Mobile technology has been increasing for the last couple of years. There is a technological race for the future in which many companies strive hard to set themselves as the ‘industry leader.’ One of the latest trends in smartphone companies these days is under-display cameras that allow smartphone manufacturers to store the front camera below the screen. This feature helps front cameras to produce images even after behind the displays. It is a significant achievement since small bezels, and bigger screens have been in demand for years. Having an all-screen phone with an under-display camera makes it more attractive for consumers. For them, the edge around the screen is free space that can be used for the content. So, smartphone companies are trying hard to hide sensors and other parts facing the users.
Let us look at the latest developments. Recently, Chinese smartphone maker ZTE launched the Axon 40 Ultra, a new phone in its catalogue that features an under-display camera. The company ZTE was the first to produce the world’s first all-screen smartphone, i.e., Axon 20. Axon 40 Ultra has a 6.8-inch display with a camera inside the screen. In this phone, you might see a screen that spanned the entire body without a noticeable camera, making this phone special. While Axon 40 has solved several issues that were observed in previous generations.
Other brands like Samsung, Oppo, and Xiaomi offer Under Display camera technology smartphones, namely Samsung’s Galaxy Z Fold 3, Xiaomi Mi Mix 4, Oppo under-screen camera, Vivo Apex 2020, and real-me under-display camera phone.
Every technology has some limitations. Let’s consider some of the aspects which show some signs of improvement. Although the smartphone with UDC manages to display images from the camera, there are a few limitations. In some under-display camera phones, the hidden lens may be more noticeable. It might be observed in the case of Galaxy Z Fold3 but not in Axon 30 since Axon 30 successfully gives the illusion of a seamless display almost all the time.
In addition, there are some background brightness issues regarding selfie photos in smartphones with under-display cameras. As in the case of the selfie photo from Axon 30, background-color details are far lacking. Moreover, it is difficult for the front camera sensor to get the best image quality as the light has to go through various layers of glass and is partly blocked by pixels. Another intriguing issue is that these parts might reduce internal space inside the phone. The motors which move these parts add weight and thickness to the device. These are some of the weak areas of this technology.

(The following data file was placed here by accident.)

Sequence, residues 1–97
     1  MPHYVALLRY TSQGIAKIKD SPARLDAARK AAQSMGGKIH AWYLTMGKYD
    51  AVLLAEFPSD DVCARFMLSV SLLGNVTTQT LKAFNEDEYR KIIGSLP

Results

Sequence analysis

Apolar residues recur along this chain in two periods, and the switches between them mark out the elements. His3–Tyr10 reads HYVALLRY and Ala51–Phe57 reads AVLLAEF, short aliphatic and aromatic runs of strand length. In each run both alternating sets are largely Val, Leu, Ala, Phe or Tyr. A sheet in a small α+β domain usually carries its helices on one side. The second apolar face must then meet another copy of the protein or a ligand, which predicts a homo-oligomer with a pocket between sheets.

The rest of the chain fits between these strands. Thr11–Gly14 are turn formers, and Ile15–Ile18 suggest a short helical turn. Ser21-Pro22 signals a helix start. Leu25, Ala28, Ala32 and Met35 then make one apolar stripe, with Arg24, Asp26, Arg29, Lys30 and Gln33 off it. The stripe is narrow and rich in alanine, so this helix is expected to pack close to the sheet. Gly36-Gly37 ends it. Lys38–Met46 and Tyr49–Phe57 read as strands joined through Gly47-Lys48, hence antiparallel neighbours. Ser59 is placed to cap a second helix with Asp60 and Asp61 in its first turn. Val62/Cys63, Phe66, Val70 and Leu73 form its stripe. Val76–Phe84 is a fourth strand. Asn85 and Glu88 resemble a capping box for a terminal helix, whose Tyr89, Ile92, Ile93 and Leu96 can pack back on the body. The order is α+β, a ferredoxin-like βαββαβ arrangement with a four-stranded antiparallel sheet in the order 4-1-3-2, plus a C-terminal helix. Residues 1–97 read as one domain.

A thorough inspection of these smartphones’ display construction does not seem to be different from the usual ones. The only distinction is that the screen is transparent through the top hole for the selfie camera. However, this does not affect its repairability, as fixing it back together is easy. The ease in repairability makes the screen smartphones with under-display camera technology a welcome sign for the future. Contrary to pop-up cameras, you might observe that sometimes innovation makes repairs much more complicated. Therefore it is good seeing that this technology will not end up restricting both consumers and repair technicians.
Major brands like Samsung, Xiaomi, ZTE, and Apple have breakthroughs in UDC. This technology might go beyond the smartphone form factor and believe to be the door to other possibilities. Apart from smartphones, we can also apply this technology to other devices such as TVs, monitors, laptops, etc. After smartphones, you might see this technology in laptops, for example, a computer with an under-display camera. Similarly, a Smart tv screen or monitor might have a camera behind the tv screen, enabling facetime or video calls with no need for additional cameras.
This technology is in the developing phase, and a survey shows results regarding people’s interest in the phones with under-display selfie cameras. Having an all-screen phone with an under-display camera makes it more attractive for consumers. So in the future, we can expect this technology in more flagship smartphones and gradually affect mid-range and even entry-level smartphones.